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Telegraphing Movements

The first time I visited Sensei Katsuhiko Shinzato in Okinawa, he demonstrated an uncanny ability to know where a punch or kick would come from. He asked me to stand in front of him and try to punch or kick him. As soon as I would begin to move he would point to the attacking arm or leg.

What was uncanny was his ability to do this before I had moved very much, or perhaps even before I had actually started moving at all. When he pointed to my arm or leg, it stopped me from moving.

That was several years ago. I have thought about it often, but only recently have begun to understand how he did this (or at least I think so).

First, at that time I did not understand how to generate power with the koshi. I had no idea at all! As a result, my movements, whether punches, kicks, or any other type of movement, were powered from the extremeties. For example, if I wanted to punch with my right hand, I would pull back with my right arm and raise my right shoulder. Quite obviously, I was telegraphing my movements. It must have been very easy for Shinzato Sensei to read my intentions and movements.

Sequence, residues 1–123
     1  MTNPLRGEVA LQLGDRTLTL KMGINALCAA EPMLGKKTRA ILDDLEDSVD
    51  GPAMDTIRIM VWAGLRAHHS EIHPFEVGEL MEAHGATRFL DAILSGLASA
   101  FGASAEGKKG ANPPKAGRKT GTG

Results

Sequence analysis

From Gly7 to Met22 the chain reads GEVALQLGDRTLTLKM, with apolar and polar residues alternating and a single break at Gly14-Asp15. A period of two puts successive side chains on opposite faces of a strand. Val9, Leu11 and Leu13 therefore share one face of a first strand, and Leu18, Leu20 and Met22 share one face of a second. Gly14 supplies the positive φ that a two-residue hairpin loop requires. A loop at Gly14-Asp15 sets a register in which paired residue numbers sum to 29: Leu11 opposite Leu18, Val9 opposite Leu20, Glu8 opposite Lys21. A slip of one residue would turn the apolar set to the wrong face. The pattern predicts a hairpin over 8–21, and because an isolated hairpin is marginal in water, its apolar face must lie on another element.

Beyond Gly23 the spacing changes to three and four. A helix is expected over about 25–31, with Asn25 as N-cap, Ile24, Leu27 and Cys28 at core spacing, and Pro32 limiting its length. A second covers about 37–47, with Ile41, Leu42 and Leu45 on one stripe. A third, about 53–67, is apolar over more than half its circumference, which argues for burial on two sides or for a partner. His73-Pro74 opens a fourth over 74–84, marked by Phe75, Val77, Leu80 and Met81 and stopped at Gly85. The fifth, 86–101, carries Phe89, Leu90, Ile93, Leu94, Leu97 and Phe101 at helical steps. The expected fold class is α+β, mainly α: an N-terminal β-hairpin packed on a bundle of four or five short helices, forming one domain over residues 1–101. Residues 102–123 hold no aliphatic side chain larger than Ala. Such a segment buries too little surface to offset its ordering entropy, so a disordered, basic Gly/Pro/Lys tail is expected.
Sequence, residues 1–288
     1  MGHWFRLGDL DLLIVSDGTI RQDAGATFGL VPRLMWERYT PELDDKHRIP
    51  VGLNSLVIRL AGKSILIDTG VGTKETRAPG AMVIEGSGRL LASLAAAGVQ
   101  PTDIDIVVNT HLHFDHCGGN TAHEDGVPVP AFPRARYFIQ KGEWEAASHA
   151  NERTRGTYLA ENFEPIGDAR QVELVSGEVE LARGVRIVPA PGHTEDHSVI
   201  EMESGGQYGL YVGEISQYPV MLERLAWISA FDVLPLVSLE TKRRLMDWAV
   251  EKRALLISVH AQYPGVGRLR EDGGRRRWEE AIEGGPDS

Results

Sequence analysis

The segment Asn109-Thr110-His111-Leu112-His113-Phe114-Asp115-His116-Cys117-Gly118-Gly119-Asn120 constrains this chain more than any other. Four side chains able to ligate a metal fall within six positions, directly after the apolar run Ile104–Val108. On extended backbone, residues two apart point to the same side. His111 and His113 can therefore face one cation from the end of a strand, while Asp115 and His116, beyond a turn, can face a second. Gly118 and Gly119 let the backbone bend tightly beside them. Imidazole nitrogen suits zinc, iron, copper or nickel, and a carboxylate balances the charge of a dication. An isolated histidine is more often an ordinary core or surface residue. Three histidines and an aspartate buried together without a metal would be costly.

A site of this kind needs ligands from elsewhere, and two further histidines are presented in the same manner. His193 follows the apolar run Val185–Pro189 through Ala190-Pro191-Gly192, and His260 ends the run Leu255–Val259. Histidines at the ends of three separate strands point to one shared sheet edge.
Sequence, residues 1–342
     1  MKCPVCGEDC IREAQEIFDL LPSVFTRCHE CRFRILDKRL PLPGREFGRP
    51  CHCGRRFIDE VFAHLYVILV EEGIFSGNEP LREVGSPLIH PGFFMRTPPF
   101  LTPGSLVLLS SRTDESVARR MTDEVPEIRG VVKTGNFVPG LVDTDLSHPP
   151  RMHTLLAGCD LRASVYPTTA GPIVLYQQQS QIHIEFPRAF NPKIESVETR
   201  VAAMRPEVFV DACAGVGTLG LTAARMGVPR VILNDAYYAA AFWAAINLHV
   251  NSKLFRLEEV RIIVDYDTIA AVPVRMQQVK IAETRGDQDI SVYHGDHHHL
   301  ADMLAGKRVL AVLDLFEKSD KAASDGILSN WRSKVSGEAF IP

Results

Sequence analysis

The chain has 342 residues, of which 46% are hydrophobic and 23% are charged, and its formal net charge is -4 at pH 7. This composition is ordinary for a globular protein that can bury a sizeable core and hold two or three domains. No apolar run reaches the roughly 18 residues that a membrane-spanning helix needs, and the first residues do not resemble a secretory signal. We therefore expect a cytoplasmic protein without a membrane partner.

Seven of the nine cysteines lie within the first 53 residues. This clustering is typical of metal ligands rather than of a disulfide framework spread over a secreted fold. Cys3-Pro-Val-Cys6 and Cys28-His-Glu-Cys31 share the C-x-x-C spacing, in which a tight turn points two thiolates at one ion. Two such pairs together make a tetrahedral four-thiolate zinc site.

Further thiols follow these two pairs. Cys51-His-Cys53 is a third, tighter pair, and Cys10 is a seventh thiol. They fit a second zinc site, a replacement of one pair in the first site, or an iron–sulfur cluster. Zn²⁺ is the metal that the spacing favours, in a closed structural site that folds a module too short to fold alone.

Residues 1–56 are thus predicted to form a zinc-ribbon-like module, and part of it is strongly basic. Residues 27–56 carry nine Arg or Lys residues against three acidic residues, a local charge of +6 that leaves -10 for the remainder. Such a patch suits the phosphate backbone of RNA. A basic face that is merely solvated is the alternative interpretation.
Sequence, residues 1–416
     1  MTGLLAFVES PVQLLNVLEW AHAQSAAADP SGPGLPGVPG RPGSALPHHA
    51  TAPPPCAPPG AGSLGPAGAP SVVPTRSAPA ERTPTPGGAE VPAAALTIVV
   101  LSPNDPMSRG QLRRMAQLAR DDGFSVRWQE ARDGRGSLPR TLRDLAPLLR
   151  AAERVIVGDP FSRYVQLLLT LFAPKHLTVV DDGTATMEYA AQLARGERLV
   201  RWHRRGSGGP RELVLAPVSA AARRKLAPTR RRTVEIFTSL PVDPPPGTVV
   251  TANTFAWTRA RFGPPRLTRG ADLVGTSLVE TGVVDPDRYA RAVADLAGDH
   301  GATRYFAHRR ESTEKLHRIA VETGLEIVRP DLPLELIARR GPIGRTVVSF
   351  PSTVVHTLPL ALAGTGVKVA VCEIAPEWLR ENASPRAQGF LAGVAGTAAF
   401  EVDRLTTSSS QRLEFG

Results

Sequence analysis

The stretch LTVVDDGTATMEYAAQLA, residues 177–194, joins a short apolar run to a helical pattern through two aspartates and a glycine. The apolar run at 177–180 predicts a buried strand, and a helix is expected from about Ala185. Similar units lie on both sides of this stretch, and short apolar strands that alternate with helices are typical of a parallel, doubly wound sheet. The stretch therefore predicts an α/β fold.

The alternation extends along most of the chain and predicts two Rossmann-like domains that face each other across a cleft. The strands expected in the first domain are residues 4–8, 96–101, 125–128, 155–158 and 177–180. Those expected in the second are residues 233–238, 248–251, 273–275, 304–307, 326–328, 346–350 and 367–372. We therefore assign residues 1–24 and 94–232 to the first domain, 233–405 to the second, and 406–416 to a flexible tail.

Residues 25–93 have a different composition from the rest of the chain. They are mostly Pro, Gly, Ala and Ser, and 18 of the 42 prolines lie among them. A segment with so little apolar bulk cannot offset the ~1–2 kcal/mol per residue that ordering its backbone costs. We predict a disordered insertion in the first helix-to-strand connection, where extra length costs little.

When power comes from the koshi (the core of the body), it is much harder to anticipate a movement. The core is activated and a movement could be executed using either hand or either foot, or other parts of the body. When you pull back your right arm, the odds are that you are going to throw a right punch (or some other right handed technique). When you "squeeze" or "twist" your koshi, a movement could come from anywhere.

At first, the activation of the koshi is obvious. Students twist their arms and waist, sometimes in exaggerated ways. But with practice, the koshi can be twitched on. Perhaps it is always ready. My point is that with such a koshi, it is hard to know that the koshi is ready and that a movement is imminent.

Of course, I'm pretty certain that Shinzato Sensei could still tell what I am about to do. Perhaps that's why it is better not to attack first, especially against someone who is very skilled.


Charles C. Goodin